We all remember the notorious financial meltdown of 2007-08 that washed away a lot of dreams. We all know why it happened. Some wise (read greedy) people built a huge structure on an extremely very weak foundation (sub-prime mortgage). And then went ahead and added floor over floor to their fantasy at the cost of the masses, till the foundation and everything with it, buckled.
While the ‘Like’ on Facebook (FB) and ‘Endorsements’ on LinkedIn (LI) probably could not, and definitely would not cause any such global shock wave, it is interesting to see how we are adding to its weak foundation, floor by floor, and to see what might happen when it buckles, and buckle it will.
Paid, Forced or Uninformed ‘Likes’ on FB, and ‘Endorsing skills’ without being sure on LI, are really creating a big mountain of unconfirmed information, which at best, is questionable.
Quite some time ago, when I’d see a few hundred likes on an business’s service page on FB, I’d assume it was probably a respectable/ liked business/ service. But once you know that Likes can be bought, or when you get ‘Like Requests’ from friends & acquaintances that almost forced you to like a page (most FB like requests I receive read like this ‘Hi Shrutin, please like this page [link].’), and when you see people around you obliging to such requests, then those hundred likes don’t seem that impressive any more.
On LI, people endorse skills of their contacts. Which, literally is vouching for a skill that your contact claims she or he possesses. I consider vouching a responsibility, especially since that endorsement is public. It means you know, and acknowledge that your contact is good at, or even just knows, the particular skill that you have endorsed them for. And when you get endorsed for a skill by people you haven’t been in touch for a while, and you are dead sure they haven’t a clue whether you even know that skill, that’s when you wonder about the genuineness of similar endorsements showcased on your contacts page. LI’s recommendation option is fine in itself, as contacts recommend based on good interaction or experiences based on past work done; and mentioning it in words gives more credibility than just clicking ‘endorse’ over some key words.
I recently interacted with an eminent person from the social media industry, at a TiE session. He was speaking on the advantages of social media for business. I asked him whether he saw concern over the questionable ‘endorsing on LI’ and ‘Paid/ Forced or Uninformed Likes on FB’ that are creating a false world around us. He, thankfully acknowledged the problem, which meant it existed. And he added that the average person wasn’t affected or bothered much about it, so life would go on at least for a while.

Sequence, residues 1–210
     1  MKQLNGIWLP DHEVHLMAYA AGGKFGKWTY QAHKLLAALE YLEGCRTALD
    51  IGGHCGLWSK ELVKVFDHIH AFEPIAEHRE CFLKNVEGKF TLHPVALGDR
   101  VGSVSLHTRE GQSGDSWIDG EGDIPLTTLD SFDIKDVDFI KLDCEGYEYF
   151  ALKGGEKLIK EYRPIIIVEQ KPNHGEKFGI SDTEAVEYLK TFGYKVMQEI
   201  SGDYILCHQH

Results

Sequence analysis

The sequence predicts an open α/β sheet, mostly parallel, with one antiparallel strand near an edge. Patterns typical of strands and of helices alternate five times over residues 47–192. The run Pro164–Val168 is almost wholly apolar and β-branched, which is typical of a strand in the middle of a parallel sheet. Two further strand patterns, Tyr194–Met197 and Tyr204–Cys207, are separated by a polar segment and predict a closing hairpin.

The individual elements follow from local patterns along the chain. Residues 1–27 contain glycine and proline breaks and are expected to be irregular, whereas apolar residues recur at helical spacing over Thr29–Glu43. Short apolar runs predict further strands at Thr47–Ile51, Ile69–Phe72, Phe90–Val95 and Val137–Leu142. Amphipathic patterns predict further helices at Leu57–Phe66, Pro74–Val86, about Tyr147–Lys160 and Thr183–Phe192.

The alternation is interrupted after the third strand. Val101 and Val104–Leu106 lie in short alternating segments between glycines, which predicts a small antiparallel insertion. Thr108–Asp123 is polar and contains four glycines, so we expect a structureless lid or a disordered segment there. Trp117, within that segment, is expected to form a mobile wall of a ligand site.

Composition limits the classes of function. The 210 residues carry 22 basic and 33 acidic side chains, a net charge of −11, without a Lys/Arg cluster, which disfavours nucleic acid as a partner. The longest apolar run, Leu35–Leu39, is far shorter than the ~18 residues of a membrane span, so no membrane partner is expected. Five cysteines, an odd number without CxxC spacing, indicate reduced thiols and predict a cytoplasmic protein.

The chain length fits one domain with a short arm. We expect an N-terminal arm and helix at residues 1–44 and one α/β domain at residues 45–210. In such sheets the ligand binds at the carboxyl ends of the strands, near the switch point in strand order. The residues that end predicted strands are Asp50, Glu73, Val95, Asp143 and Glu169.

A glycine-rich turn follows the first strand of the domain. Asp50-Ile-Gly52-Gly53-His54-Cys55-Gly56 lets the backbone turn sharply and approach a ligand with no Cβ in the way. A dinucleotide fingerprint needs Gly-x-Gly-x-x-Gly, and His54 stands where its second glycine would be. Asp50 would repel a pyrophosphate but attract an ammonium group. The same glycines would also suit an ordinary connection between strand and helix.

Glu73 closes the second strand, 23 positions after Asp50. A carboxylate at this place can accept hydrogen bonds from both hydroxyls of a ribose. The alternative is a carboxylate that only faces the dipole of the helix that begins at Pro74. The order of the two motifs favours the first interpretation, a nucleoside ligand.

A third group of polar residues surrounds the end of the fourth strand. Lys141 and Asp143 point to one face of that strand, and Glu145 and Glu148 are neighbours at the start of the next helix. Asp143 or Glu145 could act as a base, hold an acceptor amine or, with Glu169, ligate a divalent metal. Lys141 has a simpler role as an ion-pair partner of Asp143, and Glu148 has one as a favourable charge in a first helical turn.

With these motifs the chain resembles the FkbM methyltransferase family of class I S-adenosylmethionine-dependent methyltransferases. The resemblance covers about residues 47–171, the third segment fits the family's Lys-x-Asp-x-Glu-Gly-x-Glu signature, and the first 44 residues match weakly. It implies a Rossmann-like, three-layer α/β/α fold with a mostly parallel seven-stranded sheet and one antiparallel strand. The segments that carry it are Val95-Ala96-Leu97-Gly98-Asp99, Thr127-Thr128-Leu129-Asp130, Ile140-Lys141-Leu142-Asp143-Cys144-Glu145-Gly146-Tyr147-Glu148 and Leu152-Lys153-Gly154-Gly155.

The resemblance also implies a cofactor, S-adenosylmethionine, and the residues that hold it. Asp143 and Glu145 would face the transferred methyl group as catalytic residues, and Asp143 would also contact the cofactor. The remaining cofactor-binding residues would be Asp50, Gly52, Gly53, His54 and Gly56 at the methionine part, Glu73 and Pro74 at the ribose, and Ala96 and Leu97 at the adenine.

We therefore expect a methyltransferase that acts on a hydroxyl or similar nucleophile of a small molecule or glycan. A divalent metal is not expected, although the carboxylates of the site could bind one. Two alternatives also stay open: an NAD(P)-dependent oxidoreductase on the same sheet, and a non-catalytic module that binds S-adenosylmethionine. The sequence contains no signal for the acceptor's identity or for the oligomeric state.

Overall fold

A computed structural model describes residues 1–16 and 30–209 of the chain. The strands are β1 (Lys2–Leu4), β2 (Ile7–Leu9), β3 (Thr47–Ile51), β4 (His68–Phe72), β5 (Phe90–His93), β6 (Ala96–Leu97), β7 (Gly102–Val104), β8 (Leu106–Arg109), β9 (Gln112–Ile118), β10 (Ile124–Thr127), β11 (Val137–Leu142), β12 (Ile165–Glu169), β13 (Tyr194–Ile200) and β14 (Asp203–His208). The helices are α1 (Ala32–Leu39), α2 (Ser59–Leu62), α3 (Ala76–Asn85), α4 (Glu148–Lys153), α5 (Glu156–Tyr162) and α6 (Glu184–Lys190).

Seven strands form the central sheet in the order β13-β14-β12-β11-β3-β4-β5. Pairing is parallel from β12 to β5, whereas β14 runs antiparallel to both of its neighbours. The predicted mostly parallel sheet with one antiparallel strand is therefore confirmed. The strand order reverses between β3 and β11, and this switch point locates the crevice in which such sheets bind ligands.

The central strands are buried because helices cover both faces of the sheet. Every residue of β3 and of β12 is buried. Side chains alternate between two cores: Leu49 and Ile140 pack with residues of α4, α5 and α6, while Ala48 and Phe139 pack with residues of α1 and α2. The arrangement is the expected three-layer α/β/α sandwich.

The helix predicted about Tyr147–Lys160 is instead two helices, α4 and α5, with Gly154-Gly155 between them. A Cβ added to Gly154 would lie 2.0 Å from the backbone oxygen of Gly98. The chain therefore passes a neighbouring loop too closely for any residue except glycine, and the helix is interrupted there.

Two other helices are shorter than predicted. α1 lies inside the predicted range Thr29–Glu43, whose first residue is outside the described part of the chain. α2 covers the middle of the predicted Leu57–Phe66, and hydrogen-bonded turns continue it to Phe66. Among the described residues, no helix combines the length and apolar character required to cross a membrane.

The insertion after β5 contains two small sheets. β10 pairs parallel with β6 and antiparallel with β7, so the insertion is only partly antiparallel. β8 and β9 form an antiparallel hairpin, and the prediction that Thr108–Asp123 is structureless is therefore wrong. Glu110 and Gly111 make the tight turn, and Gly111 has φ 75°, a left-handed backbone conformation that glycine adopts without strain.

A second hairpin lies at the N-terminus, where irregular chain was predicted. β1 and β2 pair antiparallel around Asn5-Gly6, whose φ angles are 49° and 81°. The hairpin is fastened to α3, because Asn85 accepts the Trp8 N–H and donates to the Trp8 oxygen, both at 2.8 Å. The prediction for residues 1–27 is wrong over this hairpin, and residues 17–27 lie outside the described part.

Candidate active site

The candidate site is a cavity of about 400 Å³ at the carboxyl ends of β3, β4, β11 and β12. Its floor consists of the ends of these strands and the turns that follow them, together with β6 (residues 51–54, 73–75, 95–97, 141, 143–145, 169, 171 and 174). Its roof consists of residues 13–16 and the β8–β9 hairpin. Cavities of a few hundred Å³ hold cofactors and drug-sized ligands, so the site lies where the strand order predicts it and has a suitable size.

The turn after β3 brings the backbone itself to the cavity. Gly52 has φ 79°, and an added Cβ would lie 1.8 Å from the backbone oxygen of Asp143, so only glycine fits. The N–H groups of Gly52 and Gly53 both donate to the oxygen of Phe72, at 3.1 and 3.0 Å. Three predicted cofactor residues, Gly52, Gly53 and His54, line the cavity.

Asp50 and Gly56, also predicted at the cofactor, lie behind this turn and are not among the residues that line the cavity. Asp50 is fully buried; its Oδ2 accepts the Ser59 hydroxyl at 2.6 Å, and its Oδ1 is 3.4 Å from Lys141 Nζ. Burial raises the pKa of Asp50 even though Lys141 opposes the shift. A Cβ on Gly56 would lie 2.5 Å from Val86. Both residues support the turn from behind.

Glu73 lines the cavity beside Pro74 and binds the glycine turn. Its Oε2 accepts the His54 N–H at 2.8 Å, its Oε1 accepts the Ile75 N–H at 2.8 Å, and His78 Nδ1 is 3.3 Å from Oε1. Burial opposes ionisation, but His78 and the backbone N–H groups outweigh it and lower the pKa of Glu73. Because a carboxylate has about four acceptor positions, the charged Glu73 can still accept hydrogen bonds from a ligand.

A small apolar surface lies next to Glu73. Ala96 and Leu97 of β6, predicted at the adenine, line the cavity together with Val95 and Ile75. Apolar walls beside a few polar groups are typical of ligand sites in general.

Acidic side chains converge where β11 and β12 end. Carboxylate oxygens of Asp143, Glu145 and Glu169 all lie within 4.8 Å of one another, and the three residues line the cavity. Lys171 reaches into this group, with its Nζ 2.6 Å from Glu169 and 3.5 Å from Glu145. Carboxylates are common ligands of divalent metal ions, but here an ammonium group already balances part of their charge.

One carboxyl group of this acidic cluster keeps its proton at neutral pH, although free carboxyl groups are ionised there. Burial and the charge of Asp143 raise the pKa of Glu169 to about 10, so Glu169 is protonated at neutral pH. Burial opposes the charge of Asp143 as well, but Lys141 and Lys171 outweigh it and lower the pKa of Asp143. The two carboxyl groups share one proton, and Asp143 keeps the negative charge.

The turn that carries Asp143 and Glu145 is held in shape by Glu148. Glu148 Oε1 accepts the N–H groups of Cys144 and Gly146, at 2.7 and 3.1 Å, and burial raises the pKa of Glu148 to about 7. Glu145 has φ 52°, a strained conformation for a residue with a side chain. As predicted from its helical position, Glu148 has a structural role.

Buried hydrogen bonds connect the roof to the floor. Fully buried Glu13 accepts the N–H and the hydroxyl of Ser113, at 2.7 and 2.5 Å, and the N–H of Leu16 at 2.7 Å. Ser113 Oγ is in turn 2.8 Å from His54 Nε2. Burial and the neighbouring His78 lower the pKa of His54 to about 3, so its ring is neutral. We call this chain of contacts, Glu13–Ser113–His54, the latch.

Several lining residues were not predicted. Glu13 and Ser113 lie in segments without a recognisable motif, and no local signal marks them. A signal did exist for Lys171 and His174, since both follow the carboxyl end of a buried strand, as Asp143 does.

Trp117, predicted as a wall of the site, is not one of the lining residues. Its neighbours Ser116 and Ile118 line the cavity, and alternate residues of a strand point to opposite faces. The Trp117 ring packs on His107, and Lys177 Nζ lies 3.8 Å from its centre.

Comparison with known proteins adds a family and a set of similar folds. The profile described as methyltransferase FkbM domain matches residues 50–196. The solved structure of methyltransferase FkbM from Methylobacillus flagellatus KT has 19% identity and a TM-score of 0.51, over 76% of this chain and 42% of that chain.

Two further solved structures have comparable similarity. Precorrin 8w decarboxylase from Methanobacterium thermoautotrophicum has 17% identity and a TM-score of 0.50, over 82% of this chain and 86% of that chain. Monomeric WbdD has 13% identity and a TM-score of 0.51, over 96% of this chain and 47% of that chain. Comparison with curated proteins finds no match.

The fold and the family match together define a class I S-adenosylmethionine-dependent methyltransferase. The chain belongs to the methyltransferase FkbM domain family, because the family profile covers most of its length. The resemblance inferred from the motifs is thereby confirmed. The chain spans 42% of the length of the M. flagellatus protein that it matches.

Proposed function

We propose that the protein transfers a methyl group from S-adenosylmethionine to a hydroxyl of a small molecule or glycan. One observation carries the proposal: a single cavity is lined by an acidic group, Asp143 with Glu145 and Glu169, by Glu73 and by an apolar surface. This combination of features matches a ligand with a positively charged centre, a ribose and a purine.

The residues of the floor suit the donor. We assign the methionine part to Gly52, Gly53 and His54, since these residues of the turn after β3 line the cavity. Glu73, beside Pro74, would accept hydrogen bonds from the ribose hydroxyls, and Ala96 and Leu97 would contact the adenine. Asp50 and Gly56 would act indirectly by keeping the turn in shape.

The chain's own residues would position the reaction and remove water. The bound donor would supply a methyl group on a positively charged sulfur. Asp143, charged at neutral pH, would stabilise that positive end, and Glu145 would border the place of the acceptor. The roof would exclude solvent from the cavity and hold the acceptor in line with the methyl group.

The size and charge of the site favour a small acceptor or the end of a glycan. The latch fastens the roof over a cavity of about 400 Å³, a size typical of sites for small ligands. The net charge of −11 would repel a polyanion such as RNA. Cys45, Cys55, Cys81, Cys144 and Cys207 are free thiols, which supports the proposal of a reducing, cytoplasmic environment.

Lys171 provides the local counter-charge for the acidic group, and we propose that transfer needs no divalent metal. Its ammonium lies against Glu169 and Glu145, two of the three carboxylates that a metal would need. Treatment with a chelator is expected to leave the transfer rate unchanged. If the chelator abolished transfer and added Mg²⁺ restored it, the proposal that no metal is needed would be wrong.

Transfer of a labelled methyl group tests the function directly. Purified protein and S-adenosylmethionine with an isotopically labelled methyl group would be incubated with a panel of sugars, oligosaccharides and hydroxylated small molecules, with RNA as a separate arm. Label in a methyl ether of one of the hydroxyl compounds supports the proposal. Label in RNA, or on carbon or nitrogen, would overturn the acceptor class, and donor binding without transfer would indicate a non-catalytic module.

Many people you know might not have a clue as to what exactly you do, or how good you are at what you do. And yet they’ll go endorse you for certain skills. Which, I’ll agree, makes you feel good. And you might be the best your industry has to offer, but knowing that the person who endorsed you for it doesn’t have clue about what exactly you do, doesn’t that make you question the value of the heap of endorsements that you are piling up?
I don’t have any suggestions for the ‘endorsing’ deal on LI, but if you intend to spam inboxes with ‘Like Requests’, here are a few things you could take care of:
- Write what the page/ company/ service is about
- Highlight any achievements, differentiating factors
- Reasons why I might want to like it
- And last, and only if necessary, request the friend to ‘Like’ the page if they find it interesting and if they can relate to it. Also offer to provide them with more information if they are interested
Here’s a recent article that shows how this hype that’s been going strong for a few years now, is not much more than just a hype [Quality over Quantity]